++++++++++++++++++++God's timing is not our timing, but He is never late.++++++++++++++++++++

Layers - in the knowledge of God and the path to holiness

Learning about God is like unwrapping a head of lettuce, pealing back one leaf at a time. Always there is another leaf below. We will eventually reach the center of the head of lettuce; but we will never unwrap everthing there is to know about God.

The path to holiness is like pealing an onion. God shows us what is sinful and convicts us that we have sinned. No matter how sweet the onion, there are always tears in the peeling. No matter how sweet the grace of repentence, there are always the pain of letting go of the sin. As the peeling of the onion reveals another layer, so God shows us what we lack in holiness, drawing us ever closer to "be(ing) perfect even just as your heavenly Father is perfect." Matthew 5:48




What I Believe

Why I am and always will be a Catholic. "So Jesus said to them, 'Truly, truly, I say to you, unless you eat the flesh of the Son of Man and drink his blood, you have no life in you; he who eats my flesh and drinks my blood has eternal life, and I will raise him up at the last day. For my flesh is real food, and my blood is drink indeed. He who eats my flesh and drinks my blood abides in me, and I in him. Tthe living Father sent me, and I live because of the Father, so he who eats me will live because of me. This is the bread which came down from heaven, not such as the fathers ate and died; he who eats this bread will live forever." John 6:53-58 The words and actions of man cannot sanctify. Only the priest, empowered by his ordination, can invoke the Holy Spirit to transform the bread and wine into Jesus so we can receive Him - Body, Blood, Soul and Divinity into our bodies and souls. This is the core of the Catholic Church; without this there is no purpose or meaning to the Catholic Church. There are other ways to holiness, to grow in grace; there is no better way than union with Jesus Christ in the Holy Eucharist.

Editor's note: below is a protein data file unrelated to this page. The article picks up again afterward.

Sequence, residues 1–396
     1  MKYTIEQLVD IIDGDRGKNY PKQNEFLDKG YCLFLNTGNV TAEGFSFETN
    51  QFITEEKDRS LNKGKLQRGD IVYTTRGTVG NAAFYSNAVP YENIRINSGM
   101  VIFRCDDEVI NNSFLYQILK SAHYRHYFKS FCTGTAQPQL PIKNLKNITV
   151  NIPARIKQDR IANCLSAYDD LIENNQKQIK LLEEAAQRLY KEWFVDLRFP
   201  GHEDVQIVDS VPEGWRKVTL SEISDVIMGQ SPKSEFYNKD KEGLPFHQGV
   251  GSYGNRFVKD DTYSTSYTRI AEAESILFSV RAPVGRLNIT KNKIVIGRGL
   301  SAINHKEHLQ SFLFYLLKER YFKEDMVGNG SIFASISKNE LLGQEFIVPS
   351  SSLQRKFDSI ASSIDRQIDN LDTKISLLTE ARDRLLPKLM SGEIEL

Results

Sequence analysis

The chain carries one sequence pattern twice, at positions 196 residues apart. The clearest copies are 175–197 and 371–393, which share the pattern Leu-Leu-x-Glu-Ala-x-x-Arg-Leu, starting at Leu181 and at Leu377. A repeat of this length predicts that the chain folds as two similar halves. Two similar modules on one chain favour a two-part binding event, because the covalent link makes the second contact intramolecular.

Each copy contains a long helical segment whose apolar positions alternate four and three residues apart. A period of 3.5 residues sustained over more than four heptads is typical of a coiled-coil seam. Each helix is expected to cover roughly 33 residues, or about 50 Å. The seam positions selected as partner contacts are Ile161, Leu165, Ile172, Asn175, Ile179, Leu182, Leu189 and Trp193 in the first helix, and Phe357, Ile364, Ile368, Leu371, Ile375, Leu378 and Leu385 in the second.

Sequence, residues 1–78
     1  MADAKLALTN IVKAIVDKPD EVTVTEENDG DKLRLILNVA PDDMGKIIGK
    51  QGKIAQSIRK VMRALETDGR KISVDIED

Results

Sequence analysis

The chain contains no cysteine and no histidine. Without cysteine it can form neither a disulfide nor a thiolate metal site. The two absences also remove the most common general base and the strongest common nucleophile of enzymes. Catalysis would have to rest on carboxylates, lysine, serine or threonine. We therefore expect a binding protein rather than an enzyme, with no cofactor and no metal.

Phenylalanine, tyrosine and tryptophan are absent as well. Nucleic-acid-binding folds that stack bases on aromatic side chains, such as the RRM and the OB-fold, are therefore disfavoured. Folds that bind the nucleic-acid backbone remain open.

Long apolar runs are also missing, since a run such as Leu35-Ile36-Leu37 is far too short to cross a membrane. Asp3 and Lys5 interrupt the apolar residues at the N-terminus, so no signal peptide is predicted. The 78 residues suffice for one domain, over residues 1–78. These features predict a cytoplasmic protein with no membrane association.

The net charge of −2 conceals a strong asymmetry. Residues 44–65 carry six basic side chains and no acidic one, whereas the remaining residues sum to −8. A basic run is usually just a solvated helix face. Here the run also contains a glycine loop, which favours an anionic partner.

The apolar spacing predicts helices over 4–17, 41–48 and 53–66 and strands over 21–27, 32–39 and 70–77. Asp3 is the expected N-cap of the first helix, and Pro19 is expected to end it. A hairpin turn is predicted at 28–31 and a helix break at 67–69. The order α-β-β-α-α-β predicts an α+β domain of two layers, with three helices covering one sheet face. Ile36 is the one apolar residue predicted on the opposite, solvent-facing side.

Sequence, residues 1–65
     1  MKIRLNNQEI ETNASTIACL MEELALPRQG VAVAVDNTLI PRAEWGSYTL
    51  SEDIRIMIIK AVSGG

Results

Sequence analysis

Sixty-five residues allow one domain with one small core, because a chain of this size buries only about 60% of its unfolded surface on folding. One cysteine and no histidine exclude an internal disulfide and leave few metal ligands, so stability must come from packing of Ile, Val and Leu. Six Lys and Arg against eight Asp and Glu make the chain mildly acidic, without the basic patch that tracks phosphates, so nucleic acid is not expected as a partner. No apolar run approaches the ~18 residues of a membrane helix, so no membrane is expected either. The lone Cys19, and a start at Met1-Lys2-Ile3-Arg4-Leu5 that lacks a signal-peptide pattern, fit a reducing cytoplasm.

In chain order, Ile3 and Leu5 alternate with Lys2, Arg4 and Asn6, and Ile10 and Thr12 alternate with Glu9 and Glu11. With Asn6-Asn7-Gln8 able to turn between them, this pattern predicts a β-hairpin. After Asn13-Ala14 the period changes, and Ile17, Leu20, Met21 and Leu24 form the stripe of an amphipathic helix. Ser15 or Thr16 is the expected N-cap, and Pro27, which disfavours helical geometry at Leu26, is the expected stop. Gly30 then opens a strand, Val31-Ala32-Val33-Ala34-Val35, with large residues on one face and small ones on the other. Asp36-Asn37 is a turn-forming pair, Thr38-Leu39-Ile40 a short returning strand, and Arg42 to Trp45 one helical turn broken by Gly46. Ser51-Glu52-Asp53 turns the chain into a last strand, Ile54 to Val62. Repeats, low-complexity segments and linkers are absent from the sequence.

Visitation Catholic Church

Visitation Catholic Church

Sunday, December 2, 2007

Pebbles

Mother Teresa, in her writings, repeatedly said that if they weren’t doing it for Jesus that their work would mean nothing. She also wrote that she saw her work as if tossing pebbles. She focused on one human life at a time, not saving the world. But her work with each person was like tossing a pebble into a pond with the ripples ever expanding outward. It was her belief that God calls us to be pebbles in whatever we do in our daily lives. Little acts, done for Jesus, reaching ever outward, ultimately transforming the world. To live our lives that way, to be so focused that what we do we do for Jesus, we need to pray. The sisters of Mother Teresa started each day with prayer and Mass and ended the day with prayer. She said that the time the community spent in adoration transformed the community. We are all called to begin and end each day with prayer, to settle ourselves before we begin and to conclude each day before we sleep, to put our joys, hopes, troubles and needs before God and trusting that he will take care of us, giving us what we need (not necessarily what we want). To be a pebble for God, we must maintain a relationship with God. We are called to bring Jesus to others. Mother Teresa lived by the words of St. Francis, “Preach the gospel always; if necessary use words.”

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